(While I’m on the topic of Irene, I have to say she was my biggest cheerleader. While others would look at me blankly when I talked about how tough it was to find a decent guy, Irene would always be encouraging, reminding me of my wonderful qualities and beauty. I couldn’t have hung in there without that support… thank you, Irene.)
Greg and I proceeded to sip our coffees and chat. We were both kind, informative, funny and of course a bit awkward (nervous). We planned to meet for coffee again.
Greg walked with me to where I was parked and we said goodbye. My emotions were mixed… Did he like me? Did I like him? Would this go anywhere? I didn’t have an instant spark but I thought that was a good sign. The instant spark thing had never worked for me in the past. What have I got to lose? If he wants to meet again… let’s!
Needless to say, the spark came eventually and gets brighter every day. Our courtship lasted for quite some time. After we had been dating for a couple of years, we started to talk about marriage. I was scared (of course). Was I worthy? Am I enough for him? I had all those insecurities that are often attached to a disability. The one thing I didn’t doubt was Greg’s devotion. And, near the second anniversary of our first meeting, Greg told me a story that sealed the deal.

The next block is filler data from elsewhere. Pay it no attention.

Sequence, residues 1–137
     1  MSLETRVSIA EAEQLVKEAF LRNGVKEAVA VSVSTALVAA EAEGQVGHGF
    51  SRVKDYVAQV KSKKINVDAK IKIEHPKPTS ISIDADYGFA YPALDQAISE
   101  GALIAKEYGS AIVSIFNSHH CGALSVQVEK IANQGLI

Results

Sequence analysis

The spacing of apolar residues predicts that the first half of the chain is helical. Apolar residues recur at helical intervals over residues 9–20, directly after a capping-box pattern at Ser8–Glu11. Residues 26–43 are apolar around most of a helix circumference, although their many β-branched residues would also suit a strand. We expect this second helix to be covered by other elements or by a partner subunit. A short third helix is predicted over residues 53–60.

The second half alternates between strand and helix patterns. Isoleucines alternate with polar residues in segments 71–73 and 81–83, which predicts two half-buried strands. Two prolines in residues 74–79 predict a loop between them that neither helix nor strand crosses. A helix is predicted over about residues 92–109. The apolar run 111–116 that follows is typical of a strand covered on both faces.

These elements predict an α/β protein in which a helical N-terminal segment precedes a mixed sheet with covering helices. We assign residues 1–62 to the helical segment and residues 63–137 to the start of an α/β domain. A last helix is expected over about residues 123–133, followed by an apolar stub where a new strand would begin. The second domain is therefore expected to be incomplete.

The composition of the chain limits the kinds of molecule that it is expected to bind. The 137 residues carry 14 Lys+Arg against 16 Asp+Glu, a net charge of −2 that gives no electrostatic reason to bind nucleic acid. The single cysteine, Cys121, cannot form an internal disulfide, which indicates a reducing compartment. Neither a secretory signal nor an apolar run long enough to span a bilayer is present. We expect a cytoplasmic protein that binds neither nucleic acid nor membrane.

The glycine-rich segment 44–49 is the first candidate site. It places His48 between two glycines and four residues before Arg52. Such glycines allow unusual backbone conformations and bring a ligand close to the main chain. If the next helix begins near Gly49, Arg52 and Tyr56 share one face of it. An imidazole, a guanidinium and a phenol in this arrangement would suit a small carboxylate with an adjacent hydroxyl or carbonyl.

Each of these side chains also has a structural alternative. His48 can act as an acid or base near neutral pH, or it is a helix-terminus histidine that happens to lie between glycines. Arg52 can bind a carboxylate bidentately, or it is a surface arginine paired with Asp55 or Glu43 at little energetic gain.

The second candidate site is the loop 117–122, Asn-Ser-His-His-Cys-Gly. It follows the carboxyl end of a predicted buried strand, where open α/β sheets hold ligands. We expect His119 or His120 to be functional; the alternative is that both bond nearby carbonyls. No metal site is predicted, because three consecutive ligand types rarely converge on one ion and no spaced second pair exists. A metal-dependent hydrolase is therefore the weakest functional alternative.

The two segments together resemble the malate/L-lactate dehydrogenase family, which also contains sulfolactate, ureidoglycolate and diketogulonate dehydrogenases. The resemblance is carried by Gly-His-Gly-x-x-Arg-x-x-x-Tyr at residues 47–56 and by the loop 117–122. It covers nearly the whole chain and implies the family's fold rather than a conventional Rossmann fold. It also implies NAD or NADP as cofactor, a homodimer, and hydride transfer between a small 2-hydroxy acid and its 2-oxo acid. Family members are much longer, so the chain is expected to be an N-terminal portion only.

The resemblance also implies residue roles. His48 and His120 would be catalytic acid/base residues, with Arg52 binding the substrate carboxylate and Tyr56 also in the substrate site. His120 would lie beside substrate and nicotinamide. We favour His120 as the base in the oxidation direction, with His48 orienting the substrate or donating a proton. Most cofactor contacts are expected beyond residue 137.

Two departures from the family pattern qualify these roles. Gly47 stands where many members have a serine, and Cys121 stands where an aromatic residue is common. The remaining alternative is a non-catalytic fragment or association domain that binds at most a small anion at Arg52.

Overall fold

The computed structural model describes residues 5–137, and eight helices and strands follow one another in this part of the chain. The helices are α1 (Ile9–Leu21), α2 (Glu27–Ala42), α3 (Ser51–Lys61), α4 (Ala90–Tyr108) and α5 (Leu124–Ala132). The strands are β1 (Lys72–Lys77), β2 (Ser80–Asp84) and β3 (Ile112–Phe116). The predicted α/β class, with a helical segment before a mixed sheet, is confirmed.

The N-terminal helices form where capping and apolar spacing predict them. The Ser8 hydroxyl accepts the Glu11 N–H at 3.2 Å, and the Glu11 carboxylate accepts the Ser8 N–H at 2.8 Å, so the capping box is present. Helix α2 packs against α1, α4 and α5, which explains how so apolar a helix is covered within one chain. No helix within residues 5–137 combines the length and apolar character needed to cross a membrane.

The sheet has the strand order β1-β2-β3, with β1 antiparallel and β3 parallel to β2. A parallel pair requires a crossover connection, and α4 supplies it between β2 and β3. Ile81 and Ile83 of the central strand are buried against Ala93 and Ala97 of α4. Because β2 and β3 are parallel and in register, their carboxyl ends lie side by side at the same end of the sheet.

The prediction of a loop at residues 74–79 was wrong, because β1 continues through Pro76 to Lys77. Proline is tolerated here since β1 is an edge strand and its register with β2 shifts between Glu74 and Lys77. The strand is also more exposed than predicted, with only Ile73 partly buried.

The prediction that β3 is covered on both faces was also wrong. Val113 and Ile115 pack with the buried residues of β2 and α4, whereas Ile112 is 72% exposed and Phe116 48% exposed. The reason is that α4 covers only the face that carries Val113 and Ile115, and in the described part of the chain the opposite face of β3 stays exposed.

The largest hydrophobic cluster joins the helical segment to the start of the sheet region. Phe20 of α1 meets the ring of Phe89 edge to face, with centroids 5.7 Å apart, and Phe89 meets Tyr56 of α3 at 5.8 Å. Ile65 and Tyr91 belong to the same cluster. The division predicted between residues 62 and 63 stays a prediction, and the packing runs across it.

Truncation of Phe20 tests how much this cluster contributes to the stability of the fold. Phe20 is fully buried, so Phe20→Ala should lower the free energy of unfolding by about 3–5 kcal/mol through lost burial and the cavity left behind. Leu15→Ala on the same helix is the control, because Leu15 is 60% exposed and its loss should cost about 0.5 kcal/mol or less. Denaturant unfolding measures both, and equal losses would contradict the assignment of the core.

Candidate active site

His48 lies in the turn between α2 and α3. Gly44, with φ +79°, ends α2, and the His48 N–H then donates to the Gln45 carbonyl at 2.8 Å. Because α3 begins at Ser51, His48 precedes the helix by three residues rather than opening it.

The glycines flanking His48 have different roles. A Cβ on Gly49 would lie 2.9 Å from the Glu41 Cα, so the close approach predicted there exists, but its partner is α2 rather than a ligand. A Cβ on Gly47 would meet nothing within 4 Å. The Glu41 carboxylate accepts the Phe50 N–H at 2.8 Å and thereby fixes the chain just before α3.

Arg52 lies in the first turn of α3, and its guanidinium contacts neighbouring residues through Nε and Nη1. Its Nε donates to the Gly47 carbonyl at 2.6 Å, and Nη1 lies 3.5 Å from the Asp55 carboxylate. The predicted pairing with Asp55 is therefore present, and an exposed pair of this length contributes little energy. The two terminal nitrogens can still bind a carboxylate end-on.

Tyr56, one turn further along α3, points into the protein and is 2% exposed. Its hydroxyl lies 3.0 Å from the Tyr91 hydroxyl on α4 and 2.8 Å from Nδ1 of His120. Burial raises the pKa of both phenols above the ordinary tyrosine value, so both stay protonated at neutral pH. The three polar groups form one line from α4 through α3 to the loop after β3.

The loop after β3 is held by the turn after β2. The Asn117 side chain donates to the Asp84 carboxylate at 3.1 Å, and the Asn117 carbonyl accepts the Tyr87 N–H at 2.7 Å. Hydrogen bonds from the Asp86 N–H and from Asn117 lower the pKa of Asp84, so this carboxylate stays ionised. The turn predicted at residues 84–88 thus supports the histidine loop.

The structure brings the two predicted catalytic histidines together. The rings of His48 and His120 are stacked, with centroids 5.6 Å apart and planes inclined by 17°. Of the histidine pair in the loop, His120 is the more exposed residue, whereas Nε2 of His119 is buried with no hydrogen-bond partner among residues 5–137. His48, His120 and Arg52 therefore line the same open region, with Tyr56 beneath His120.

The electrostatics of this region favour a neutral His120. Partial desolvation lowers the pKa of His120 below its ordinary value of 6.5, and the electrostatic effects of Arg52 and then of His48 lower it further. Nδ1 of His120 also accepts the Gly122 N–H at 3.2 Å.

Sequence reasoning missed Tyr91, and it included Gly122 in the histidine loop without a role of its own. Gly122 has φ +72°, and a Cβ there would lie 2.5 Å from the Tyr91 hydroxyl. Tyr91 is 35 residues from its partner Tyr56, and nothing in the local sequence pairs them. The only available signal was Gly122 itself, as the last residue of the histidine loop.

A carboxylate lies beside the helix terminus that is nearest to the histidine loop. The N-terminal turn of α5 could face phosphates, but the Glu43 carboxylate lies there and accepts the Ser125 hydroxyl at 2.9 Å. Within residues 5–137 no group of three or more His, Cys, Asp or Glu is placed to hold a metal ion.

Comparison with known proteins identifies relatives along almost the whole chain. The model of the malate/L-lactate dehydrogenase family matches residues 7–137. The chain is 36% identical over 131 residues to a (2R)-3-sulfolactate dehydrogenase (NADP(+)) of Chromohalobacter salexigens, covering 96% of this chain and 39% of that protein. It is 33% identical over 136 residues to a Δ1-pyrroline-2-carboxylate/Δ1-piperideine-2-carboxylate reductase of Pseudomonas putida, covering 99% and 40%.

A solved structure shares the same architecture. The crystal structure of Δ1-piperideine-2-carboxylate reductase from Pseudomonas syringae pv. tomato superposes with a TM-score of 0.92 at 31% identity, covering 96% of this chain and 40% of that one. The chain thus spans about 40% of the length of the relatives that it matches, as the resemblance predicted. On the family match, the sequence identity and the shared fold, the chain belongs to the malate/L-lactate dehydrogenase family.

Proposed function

“I saw a vision, the most spectacular sight I’d ever seen, coming toward me.” I thought, what is he talking about? He continued with, “Her friend was holding an umbrella over both of them. I thought, I will never have a chance with this gorgeous woman!”
I said, “Are you talking about the first time you saw ME?”
Greg said, “Of course.”
Looking back now, the reason that I finally married Greg seems a bit shallow on the surface. I knew that I loved him but this reinforced the fact that he always saw the person first. Not my chair… not my limitations… he saw me.
Precisely four years after the day we first met in person, we were married. It was the best chance I’ve ever taken.